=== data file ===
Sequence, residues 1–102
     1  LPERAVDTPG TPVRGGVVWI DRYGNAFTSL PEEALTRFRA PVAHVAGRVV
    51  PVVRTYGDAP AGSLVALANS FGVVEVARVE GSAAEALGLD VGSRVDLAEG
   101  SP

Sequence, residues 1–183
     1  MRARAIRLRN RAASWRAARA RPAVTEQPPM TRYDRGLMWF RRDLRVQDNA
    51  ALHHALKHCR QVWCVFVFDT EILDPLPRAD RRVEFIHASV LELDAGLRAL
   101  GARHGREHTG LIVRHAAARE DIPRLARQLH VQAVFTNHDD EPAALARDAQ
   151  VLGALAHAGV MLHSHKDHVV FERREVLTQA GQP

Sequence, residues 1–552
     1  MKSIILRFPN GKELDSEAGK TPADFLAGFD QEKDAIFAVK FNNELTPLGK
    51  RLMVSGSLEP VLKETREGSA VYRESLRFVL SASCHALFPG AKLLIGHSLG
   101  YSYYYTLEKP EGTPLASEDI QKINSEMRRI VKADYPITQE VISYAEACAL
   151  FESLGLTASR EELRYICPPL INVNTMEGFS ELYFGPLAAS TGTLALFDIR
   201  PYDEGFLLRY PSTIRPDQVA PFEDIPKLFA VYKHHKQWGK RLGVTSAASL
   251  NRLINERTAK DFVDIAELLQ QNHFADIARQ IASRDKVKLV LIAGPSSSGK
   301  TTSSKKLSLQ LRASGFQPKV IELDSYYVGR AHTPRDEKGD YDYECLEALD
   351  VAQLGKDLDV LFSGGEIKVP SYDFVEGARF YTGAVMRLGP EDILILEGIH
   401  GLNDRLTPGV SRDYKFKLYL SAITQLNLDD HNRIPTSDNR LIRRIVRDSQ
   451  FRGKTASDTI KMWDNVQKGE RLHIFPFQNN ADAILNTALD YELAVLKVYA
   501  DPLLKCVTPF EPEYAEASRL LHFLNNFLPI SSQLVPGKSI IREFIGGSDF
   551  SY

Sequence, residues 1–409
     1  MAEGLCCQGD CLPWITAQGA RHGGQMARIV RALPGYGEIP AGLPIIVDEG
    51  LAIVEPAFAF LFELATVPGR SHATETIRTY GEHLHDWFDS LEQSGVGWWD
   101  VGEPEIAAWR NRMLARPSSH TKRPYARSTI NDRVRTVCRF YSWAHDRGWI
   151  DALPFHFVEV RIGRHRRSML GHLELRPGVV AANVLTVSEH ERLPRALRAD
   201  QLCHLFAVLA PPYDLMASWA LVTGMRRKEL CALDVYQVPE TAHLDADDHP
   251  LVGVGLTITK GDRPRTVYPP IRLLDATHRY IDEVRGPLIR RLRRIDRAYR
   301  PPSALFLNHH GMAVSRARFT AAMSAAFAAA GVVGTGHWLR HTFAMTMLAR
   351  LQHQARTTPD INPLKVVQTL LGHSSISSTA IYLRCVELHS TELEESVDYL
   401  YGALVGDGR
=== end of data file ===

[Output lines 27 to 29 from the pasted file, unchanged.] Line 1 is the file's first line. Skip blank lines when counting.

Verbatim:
   151  DALPFHFVEV RIGRHRRSML GHLELRPGVV AANVLTVSEH ERLPRALRAD
   201  QLCHLFAVLA PPYDLMASWA LVTGMRRKEL CALDVYQVPE TAHLDADDHP
   251  LVGVGLTITK GDRPRTVYPP IRLLDATHRY IDEVRGPLIR RLRRIDRAYR